Here we go again with the claim that it is somehow the fault of Roger Douglas and Ruth Richardson that children die through maltreatment;
Kerre Woodham writes;
He [Mike Doolan] says international experience shows that economic conditions are closely associated with levels of child abuse, and any group that suffers more from social and economic changes are found to be over represented in child abuse and other antisocial statistics.
The effects of the economic reforms of the 1990s can be seen in the higher rate of child killings during that decade. The lower death rate between 2000 and 2005 can be partially attributed to low unemployment levels and much greater prosperity, he says.
The problem with this theory is that journalists conveniently ignore statistics prior to the 90s.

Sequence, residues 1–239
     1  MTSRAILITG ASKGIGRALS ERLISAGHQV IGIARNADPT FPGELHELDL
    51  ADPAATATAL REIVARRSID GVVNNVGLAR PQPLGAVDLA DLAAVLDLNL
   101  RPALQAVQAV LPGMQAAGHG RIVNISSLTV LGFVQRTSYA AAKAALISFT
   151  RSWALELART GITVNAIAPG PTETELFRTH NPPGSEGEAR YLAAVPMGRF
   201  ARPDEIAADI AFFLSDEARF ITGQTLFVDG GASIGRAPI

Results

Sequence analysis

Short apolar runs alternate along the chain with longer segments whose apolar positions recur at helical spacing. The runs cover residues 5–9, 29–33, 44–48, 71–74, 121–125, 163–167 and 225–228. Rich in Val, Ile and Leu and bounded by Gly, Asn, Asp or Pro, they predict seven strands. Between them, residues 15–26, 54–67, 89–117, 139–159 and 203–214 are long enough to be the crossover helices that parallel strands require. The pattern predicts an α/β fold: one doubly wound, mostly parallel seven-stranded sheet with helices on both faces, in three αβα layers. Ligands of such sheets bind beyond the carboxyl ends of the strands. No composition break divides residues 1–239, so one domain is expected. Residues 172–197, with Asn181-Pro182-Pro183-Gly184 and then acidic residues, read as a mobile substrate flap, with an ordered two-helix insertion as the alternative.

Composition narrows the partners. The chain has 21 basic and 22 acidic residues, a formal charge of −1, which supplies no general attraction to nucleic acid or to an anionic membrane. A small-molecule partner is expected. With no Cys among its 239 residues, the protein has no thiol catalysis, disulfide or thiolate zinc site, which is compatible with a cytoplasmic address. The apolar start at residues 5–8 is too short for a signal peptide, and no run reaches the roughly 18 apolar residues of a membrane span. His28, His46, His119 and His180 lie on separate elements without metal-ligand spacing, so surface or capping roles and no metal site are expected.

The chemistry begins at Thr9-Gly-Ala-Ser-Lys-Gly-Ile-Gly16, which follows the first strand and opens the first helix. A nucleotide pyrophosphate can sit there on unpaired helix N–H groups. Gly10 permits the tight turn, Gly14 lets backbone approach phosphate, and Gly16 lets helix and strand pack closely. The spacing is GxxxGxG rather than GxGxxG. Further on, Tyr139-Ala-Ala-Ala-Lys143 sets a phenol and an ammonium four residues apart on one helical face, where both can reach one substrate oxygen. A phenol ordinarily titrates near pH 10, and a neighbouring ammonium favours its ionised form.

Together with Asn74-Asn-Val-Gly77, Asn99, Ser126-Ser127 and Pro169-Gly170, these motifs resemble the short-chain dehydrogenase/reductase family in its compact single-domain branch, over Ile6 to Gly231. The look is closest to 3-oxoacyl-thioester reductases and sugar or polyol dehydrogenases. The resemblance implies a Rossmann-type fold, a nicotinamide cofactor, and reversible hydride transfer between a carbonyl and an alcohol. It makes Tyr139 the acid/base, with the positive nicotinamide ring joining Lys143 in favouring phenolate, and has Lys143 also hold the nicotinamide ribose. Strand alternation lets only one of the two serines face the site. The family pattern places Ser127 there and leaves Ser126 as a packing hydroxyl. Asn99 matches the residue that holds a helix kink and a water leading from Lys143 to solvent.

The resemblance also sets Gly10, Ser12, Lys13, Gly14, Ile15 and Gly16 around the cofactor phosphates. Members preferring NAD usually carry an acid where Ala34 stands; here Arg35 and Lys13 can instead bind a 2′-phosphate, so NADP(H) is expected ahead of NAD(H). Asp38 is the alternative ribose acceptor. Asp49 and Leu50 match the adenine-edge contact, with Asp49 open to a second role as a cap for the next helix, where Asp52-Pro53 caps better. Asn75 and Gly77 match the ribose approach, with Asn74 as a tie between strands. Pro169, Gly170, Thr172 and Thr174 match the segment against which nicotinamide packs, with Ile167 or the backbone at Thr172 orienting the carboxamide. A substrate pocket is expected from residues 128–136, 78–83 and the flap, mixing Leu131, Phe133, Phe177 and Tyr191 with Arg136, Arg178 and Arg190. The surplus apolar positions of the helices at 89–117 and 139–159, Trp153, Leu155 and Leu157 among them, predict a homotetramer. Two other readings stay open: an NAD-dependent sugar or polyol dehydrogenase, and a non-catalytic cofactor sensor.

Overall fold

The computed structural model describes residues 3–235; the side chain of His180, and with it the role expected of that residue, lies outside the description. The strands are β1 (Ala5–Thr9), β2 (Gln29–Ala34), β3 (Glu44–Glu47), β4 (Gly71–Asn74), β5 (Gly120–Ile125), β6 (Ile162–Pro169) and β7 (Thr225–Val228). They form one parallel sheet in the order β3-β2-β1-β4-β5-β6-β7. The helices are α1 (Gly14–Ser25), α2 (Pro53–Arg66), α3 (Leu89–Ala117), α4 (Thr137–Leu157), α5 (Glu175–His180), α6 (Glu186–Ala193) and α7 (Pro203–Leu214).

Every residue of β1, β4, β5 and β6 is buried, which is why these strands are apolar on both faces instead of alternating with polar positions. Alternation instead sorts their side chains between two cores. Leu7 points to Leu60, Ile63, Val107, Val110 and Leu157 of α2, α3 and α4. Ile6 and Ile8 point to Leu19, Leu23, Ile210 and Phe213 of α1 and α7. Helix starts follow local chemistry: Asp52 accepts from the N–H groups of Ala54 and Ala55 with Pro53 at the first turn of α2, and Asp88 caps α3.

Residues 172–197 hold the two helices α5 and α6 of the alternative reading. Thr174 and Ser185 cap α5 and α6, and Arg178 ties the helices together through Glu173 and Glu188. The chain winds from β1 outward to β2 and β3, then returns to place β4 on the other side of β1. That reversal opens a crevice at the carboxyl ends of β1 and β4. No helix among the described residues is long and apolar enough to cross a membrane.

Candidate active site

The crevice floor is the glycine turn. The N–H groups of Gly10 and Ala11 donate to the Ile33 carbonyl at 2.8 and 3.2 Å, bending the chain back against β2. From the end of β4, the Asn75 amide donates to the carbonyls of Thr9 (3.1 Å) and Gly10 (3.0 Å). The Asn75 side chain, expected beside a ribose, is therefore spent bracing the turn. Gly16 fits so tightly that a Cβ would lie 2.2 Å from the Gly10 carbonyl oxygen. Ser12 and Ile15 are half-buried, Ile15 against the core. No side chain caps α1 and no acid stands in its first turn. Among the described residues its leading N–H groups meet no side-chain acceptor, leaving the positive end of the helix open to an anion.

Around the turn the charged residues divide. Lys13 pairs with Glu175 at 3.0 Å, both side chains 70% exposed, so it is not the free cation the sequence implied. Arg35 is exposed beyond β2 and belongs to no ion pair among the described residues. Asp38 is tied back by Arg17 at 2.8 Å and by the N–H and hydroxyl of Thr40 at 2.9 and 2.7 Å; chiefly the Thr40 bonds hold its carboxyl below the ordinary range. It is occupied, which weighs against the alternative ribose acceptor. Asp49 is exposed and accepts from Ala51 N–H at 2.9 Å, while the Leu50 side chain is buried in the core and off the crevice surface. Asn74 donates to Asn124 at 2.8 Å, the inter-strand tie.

Do the 1990s stand out particularly?
The rate of deaths does not anyway have a hard and fast correlation to the amount of abuse. And trying to measure abuse is even more troublesome. Definitions, awareness of, willingness to report, child justice approaches, have all changed. It would for example appear there was little Maori child abuse pre the 60s (statistically speaking). That is because Pakeha society largely ignored Maori society. Maori ex-nuptial rates of birth (which have a strong association with child abuse) were not even included in general statistics until the 1960s.
Here's another thought. The medical fraternity is progressively more able to save life. How many more children are invalided through maltreatment who would previously have died? The child death figures are very small and consequently very volatile. I would be reluctant to use them to illustrate any theory, as unsatisfactory as I find that.
(2003 was an aberration - according to Family First statistics, deaths have averaged about 7 per year over the past five years. They are not routinely published by the police.)
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